Help the Red Cross?

September 11 controversy

In the aftermath of the September 11, 2001 attacks, the Red Cross, like many charitable organizations, solicited funds and blood donations for Red Cross activities for the victims of the attacks. Dr. Bernadine Healy, the president of the American Red Cross, appeared on telethons urging individuals to give generously.[citation needed] However, according to America’s Blood Centers, the non-profit consortium that provides the other 50% of the United States blood supply, no national blood drive was needed, since localized blood drives in the affected areas would be sufficient to meet the demand. The American Red Cross felt that the terrorist attacks were a sign of increased instability and urged people to donate blood, even though it wasn’t needed at that time. In the end, some unused blood was destroyed.[citation needed]

Also, the American Red Cross created the Liberty Fund that was ostensibly designed for relief for victims of the terrorist attacks. However, when the fund was closed in October, after exceeding the goals of donations, only 30% of the $547 million received was spent as the standard disaster relief guidelines for meeting victims needs had been supplied to them. Dr. Healy announced that the majority of the remainder of the money would be used to increase blood supply, improve telecommunications, and prepare for terror attacks in other parts of the country.

In February 2002, The New Yorker magazine reported that American Red Cross representatives were visiting upscale apartment buildings in wealthy Manhattan neighborhoods and distributing donated money (up to three months’ rent or mortgage payments) to New Yorkers who had been “displaced, traumatized, or merely inconvenienced” by the terrorist attacks, without any regard to whether the recipients were actually in financial need.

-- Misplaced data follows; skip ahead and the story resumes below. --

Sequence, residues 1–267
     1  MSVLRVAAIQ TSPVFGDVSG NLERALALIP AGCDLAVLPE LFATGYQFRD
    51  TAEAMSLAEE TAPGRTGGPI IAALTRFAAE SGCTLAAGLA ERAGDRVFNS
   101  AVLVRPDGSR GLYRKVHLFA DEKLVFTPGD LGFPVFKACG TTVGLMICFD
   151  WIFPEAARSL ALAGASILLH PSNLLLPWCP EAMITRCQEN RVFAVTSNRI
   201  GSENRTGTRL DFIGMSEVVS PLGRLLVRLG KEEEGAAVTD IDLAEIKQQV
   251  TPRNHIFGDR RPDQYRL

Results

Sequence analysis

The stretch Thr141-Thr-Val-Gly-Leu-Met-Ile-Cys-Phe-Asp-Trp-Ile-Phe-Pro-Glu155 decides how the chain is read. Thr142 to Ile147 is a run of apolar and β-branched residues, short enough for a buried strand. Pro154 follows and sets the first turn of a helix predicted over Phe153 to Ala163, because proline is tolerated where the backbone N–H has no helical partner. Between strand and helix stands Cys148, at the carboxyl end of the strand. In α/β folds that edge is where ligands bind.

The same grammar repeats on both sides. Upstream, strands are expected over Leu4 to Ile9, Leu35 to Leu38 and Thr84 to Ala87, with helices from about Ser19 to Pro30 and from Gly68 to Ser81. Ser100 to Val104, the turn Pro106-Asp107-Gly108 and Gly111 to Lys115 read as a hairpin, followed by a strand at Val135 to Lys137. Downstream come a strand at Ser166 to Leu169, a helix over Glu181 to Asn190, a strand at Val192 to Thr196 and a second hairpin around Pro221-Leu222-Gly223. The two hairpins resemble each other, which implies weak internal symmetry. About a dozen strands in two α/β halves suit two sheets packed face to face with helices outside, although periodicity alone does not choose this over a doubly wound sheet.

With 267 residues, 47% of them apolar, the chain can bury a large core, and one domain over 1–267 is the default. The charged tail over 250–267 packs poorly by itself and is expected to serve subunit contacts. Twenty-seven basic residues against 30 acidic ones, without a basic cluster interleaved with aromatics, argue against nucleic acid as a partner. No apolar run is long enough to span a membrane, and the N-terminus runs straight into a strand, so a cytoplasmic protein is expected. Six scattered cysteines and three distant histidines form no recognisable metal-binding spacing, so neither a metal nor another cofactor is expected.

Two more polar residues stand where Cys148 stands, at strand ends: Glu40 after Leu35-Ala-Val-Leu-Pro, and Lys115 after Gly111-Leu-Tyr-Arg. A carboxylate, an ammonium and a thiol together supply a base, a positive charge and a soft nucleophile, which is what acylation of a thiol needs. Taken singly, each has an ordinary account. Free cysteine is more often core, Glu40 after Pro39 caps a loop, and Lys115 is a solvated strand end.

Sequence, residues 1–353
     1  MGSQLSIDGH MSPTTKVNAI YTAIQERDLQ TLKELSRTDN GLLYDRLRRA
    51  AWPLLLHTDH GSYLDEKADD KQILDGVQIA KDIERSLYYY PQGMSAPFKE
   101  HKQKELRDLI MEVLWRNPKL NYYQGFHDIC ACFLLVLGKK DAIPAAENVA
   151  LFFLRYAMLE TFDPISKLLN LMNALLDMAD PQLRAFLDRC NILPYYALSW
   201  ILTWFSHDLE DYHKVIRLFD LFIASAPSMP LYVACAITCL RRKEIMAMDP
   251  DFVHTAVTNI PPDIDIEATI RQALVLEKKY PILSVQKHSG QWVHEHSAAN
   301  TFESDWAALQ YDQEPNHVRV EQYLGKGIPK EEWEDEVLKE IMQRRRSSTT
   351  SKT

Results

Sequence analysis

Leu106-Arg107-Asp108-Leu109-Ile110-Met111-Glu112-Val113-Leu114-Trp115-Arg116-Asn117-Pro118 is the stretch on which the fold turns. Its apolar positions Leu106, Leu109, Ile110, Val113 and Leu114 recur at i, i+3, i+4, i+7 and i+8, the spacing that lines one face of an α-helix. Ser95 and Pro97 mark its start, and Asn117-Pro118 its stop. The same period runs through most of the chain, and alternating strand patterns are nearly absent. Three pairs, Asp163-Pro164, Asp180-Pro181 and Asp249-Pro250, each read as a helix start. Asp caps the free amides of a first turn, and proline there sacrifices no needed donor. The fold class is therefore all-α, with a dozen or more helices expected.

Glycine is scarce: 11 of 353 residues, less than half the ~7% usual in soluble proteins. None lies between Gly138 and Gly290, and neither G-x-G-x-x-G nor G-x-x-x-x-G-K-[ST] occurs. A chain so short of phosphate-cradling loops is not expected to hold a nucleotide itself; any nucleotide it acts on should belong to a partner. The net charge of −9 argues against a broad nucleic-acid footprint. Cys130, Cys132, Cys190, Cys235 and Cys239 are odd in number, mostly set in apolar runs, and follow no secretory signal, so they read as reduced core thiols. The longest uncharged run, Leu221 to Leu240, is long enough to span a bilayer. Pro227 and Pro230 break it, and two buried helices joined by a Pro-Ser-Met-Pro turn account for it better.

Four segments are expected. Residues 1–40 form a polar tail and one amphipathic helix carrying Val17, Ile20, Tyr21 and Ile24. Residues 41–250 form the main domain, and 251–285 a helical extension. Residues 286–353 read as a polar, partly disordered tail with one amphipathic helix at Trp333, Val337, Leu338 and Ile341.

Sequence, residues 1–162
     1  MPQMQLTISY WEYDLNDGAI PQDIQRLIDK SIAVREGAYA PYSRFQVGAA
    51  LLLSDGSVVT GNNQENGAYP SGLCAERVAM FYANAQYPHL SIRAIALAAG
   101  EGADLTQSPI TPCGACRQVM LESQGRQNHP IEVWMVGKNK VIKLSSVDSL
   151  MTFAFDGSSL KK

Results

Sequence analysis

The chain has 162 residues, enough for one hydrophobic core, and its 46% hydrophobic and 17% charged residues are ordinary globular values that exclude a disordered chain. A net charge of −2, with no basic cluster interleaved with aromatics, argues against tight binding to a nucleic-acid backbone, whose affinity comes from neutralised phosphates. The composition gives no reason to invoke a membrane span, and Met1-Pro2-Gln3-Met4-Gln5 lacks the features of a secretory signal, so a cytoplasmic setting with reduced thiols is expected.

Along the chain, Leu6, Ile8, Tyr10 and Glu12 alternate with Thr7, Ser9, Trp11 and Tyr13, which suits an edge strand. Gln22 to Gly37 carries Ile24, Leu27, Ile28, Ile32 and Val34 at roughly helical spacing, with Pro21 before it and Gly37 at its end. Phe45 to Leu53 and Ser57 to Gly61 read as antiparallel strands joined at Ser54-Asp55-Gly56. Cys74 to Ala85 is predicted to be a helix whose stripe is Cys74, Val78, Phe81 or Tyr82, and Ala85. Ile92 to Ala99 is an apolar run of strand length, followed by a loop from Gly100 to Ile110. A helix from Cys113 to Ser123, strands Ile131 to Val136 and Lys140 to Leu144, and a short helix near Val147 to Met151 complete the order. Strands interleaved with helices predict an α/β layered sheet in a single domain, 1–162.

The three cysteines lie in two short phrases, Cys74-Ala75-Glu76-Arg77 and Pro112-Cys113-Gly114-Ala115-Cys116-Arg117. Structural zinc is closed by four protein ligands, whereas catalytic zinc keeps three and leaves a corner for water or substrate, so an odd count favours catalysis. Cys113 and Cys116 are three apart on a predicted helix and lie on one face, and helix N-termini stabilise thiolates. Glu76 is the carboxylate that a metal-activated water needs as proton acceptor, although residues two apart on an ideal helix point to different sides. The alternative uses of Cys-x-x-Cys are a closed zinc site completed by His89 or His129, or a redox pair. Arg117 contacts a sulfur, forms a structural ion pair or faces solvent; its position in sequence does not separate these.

Many donors felt that they had donated specifically to the victims of the September 11 attacks and objected to Healy’s official plan for the diversion of funds. Survivors complained of the bureaucratic process involved in requesting funds and the slow delivery of the checks to meet immediate needs. Congressional hearings were called and New York State Attorney General Eliot Spitzer investigated the Red Cross. In the end, the American Red Cross appointed former U.S. senator George Mitchell to handle distribution of the funds. Dr. Healy was forced to resign for her role in the situation, and the Red Cross pledged that all funds would go to directly benefit the victims of the September 11 attacks.[40] Healy received a severance payment of $1,569,630.[41] In the end, out of the $961 million received, 71% went as cash assistance to those directly affected, 15% went for long term mental care and hospital care for the victims and people in the affected region, and 10% went for immediate disaster relief like shelters, food, and health care. The remaining 4% went for administration.[citation needed] Significant changes to Red Cross fundraising collection and policy have since been implemented after the Liberty Fund debacle. Numerous watchdog organizations, such as Charity Navigator, have since given high praise to the improved system of honoring donor’s intent and minimizing administration costs.[citation needed]

Why is it that people will donate so generously their money to a “Corporation” that vows to help, when in the past all they have done is misused or even profited from disaster, ask yourself that when you go to write a check for the Haitians. They do not need money, they need help.

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~ by shelnutt on January 24, 2010.

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